As you know, those who have not been confirmed by the iTaukei Lands Commission have little or no mandate to speak for their vanua. Be that as it may, my Government will not allow the leadership void in the vanua to be exploited by any group – NGOs, CSOs, and even Government agencies. Fill the vacant positions. Do it for your people. Do it for your vanua. Do it for Fiji. Just over two years ago, the global pandemic closed Fiji to the world and forced us to adopt difficult health restrictions. After a nine-year streak of growth, our economy was struck by a terrible setback we did not cause, but which we had to adapt to and overcome. In the earliest days of the crisis, we formulated a single-minded vision to make Fiji safe again and bring us out of the worst of the pandemic. We would go on to vaccinate virtually every adult. We resumed interisland travel, we opened our businesses and we opened our border. Our critics opposed every measure we pursued. Thank God we never listened. Thanks to our decisiveness, not only can we meet today, but you, your friends and family can travel to Lau and back freely; thousands of Fijians can work again. Our people can travel throughout the country again. And Fiji is once again on the move as a nation. We arrived at this point because we never panicked or lost our way. We kept to a plan –– a plan that we alone had the smarts and the courage to implement. Now, under a steady hand of economic management, we are poised for double digit economic growth in 2022. And we all know a strong economy means that government can do more to help the people. That is why I value proven economic expertise on the team I lead. That is why we have managed the economy better than any Fijian government in history. And it is why we will be able to expand on the massive investments we’ve made in your Province over the years. From 2014 until last year, my Government has invested more than $31 Million into your Province.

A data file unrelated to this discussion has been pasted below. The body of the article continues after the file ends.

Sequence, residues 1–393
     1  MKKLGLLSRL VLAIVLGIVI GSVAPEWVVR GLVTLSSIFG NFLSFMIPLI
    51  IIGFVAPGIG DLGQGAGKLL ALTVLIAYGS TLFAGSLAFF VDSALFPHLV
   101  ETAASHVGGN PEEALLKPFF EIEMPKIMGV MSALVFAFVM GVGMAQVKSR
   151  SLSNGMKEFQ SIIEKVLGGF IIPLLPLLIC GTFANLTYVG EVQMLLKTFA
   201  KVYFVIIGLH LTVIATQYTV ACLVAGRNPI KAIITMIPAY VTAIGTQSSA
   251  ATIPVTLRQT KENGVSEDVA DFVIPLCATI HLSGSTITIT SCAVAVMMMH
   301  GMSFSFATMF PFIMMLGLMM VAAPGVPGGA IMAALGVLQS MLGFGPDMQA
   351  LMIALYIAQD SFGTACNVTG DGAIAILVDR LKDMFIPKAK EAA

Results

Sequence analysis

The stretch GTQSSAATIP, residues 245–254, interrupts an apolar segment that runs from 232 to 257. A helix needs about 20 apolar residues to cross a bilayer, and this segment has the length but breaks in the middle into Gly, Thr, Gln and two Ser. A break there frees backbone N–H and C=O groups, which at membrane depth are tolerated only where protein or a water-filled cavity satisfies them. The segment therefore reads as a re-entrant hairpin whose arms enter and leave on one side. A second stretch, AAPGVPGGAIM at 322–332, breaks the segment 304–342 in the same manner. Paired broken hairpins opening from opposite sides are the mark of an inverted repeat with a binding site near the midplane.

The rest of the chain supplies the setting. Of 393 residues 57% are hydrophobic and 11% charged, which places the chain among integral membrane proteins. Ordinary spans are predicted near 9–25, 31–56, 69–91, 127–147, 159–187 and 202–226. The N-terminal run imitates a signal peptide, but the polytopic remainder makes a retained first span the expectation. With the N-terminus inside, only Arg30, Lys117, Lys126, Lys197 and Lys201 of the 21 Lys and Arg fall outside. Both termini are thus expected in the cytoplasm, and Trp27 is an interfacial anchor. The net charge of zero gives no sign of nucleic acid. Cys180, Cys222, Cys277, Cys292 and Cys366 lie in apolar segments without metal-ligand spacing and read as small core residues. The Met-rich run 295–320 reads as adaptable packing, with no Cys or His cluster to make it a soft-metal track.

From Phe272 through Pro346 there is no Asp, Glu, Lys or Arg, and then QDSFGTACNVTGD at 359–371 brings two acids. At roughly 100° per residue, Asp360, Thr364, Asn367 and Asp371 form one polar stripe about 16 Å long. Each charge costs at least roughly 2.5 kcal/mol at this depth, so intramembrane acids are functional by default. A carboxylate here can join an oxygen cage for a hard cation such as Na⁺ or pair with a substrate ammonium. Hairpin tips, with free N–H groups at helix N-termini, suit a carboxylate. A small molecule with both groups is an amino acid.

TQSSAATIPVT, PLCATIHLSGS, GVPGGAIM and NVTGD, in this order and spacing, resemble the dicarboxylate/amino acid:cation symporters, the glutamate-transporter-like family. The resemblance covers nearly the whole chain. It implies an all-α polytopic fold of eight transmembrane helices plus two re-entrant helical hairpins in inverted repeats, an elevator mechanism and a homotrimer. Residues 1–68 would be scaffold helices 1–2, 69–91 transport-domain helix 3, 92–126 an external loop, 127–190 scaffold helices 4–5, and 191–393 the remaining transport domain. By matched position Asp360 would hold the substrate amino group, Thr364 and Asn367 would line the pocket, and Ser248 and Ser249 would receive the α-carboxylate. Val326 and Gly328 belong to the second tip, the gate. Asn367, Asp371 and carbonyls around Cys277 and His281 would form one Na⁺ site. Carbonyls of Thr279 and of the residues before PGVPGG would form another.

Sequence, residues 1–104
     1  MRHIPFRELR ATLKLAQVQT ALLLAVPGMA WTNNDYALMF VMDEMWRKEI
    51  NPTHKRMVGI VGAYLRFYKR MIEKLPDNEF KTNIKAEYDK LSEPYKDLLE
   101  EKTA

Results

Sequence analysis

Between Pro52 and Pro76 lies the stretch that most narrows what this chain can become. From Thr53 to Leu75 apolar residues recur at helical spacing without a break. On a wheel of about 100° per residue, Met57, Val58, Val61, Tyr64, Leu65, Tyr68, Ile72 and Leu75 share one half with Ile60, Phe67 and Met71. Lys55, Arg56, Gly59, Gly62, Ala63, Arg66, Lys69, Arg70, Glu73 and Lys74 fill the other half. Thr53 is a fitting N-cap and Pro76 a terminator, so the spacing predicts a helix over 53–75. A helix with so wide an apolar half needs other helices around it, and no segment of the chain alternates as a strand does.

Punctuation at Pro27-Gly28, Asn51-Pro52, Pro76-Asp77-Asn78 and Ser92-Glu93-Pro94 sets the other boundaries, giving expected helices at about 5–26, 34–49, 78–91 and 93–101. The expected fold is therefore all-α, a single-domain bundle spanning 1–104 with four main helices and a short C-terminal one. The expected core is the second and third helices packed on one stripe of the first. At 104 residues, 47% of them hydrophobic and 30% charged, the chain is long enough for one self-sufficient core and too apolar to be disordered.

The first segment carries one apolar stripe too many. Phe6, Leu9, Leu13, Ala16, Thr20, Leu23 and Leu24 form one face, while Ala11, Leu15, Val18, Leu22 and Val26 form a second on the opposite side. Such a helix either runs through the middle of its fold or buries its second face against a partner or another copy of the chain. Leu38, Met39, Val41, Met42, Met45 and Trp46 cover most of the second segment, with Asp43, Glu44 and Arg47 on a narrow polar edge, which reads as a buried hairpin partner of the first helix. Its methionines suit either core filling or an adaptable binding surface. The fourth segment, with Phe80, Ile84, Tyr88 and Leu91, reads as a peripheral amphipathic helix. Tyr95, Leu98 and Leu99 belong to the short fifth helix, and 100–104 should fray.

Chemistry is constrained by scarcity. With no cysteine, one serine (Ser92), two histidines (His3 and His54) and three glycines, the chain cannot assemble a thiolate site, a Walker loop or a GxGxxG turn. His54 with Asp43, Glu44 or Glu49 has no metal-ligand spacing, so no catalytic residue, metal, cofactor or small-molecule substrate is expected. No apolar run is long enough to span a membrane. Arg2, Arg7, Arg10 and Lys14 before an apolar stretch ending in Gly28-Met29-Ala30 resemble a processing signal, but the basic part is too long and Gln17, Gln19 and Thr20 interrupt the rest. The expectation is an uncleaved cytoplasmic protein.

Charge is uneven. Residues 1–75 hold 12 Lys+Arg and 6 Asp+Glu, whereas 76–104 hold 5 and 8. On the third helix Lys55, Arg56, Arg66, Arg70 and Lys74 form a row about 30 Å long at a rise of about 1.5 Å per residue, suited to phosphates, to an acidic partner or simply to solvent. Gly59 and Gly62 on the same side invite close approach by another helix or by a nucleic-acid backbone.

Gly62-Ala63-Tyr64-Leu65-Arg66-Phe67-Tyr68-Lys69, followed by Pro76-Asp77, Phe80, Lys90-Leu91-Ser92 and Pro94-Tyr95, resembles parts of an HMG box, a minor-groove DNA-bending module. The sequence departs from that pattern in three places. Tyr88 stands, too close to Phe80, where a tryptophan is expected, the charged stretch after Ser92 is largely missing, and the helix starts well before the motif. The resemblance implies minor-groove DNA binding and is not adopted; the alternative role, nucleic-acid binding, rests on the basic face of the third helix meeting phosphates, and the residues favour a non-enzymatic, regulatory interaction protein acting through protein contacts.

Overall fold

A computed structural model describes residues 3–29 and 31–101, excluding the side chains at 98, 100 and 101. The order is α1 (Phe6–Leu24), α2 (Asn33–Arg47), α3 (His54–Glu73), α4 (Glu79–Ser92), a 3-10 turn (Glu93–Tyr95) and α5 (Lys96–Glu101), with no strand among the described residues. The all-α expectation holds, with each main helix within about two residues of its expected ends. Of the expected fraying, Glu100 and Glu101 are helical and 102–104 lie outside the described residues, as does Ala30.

We spent $8,832,236 on rural roads in Vanua Balavu, Lakeba and Moala. $7,186,751 was spent on education through free education grants, and engine and boat assistance for your children to reach their classrooms. $3,338,781 was spent on solar home systems. The Ministry of Fisheries spent $2,781,041 on establishing the Moala and Cicia Fisheries Station and coastal development projects. The Ministry of Forestry spent $2,651,595 on timber treatment chemical and equipment, portable sawmills, and a wheel loader. The Ministry of Agriculture spent $1,401,968 on rural outer island programmes, agriculture extension services, and coconut farming programme. The Ministry of Rural and Maritime Development and Disaster Management spent $1,153,811 on self-help programmes. And the Ministry of Youth and Sports spent $1,148,909 on youth and sports grant, and youth training. Of course, all of these expenditures do not include the vast amounts of monies we have spent after natural disasters for rebuilding schools, health centers and other public infrastructure.
If I listed all of the investments Government has made in Lau I’d be speaking for hours. I don’t need to review all of those investments, because you have seen with your own eyes what we’ve delivered for your benefit. I am here today to speak on the future –– on “what is next” for your Province and for Fiji. We have all noticed the prices of certain foods and of fuel has increased. This is because of two major trends. One, is a lag in supply chains which are still crippled in many ways due to the pandemic. The second is Russia’s unjustified invasion of Ukraine. One tenth of the world’s calories come from Russia and Ukraine. That supply is now cut off by conflict or sanctions. Fiji has condemned the war because we see how devastating it has been for the Ukrainians and we feel how tough it is for our families. Aside from that, we are weathering this storm as best as we can.